Solution to Global Warming: ArsA1, an essential TA protein carrier for algae chloroplast development
Global warming has been one of the most critical crises in recent decades. Recently, the research team led by Dr. Hsin-yang Chang, an assistant professor of the Department of Marine Biotechnology and Resources at National Sun Yat-sen University and Dr. Chwan-deng Hsiao, a research fellow at the Institute of Molecular Biology, Academia Sinica have successfully identified the 3D crystal structure of ArsA1, the carrier that escorts tail-anchored (TA) membrane protein to the chloroplast. They solve the mystery of how a TA protein is transported to the outer chloroplast membrane, a mechanism that results in high efficiency of green algae photosynthesis.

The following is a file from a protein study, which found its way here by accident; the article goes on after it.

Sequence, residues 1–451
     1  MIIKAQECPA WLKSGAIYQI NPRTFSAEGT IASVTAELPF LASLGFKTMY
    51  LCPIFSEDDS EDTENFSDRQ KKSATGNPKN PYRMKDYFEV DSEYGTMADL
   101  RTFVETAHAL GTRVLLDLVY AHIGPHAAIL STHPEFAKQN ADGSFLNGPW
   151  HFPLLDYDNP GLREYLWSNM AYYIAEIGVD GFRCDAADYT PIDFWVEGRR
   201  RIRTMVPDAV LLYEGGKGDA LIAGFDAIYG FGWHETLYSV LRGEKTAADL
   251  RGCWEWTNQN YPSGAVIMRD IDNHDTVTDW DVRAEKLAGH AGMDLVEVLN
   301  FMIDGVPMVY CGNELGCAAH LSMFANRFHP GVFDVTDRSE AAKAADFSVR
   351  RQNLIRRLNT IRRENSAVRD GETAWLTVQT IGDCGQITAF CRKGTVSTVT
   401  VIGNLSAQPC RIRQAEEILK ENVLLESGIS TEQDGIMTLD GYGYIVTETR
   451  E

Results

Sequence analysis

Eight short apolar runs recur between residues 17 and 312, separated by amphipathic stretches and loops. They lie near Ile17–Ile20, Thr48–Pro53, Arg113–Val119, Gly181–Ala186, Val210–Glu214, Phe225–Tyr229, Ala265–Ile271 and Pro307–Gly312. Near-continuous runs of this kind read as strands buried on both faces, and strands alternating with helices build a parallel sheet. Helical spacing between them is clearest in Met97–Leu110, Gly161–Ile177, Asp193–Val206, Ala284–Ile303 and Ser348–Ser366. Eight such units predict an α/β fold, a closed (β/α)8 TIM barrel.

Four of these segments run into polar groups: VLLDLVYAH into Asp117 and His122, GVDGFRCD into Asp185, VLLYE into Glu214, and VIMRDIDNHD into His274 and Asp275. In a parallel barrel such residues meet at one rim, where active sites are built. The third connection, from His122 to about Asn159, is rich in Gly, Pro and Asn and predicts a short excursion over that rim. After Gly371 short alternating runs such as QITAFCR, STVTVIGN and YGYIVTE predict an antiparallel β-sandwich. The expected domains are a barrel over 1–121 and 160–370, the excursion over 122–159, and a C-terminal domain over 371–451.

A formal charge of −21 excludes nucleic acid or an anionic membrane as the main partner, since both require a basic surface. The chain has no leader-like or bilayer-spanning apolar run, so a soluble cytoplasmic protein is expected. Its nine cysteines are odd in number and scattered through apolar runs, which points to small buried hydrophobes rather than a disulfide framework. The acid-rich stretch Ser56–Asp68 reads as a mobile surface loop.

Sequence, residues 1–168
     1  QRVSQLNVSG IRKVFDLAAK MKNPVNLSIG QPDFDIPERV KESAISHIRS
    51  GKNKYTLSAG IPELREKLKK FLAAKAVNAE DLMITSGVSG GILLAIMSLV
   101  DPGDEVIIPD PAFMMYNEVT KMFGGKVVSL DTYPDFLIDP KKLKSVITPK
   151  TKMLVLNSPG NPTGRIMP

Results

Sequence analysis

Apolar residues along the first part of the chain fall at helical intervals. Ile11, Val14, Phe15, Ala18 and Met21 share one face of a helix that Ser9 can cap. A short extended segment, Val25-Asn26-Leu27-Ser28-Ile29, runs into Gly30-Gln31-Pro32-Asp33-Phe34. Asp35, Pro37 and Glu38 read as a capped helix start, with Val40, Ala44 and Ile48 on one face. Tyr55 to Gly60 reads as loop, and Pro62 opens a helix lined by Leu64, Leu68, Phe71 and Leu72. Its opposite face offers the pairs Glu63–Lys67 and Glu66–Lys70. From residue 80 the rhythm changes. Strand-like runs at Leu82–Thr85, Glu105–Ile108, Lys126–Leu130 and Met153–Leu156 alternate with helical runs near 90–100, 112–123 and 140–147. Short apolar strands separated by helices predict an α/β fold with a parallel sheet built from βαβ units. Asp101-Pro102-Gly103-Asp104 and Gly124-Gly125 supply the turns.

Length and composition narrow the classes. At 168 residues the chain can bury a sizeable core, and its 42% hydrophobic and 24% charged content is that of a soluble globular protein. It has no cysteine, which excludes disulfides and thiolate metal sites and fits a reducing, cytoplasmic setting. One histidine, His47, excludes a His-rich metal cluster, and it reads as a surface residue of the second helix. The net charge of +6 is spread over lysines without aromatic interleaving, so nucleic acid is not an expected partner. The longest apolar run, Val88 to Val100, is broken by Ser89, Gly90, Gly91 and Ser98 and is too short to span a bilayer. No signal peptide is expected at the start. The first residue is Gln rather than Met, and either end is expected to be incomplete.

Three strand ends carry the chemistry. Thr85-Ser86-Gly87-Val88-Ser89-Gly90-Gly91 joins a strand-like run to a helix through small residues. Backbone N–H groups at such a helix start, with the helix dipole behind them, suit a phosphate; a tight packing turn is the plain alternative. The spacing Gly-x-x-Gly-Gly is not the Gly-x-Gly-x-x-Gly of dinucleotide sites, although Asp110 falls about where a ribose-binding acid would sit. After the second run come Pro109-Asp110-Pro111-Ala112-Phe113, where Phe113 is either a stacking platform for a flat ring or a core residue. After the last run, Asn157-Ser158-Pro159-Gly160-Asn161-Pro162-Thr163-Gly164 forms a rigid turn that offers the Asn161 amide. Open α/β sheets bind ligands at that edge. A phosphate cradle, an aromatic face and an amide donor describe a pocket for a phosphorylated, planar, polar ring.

Because green algae capture 20 times more atmospheric carbon dioxide than trees can, this discovery could help alleviate the effects of global warming and climate change. The research has been published in The Plant Journal, a world-leading authority in plant science.
Dr. Chang emphasizes that by understanding the molecular mechanism of chloroplast TA protein transportation, the efficiency of algal photosynthesis can be enhanced, thereby increasing the contribution of algae to carbon fixation. Therefore, large amounts of carbon dioxide could be removed from the atmosphere, reducing the greenhouse effect.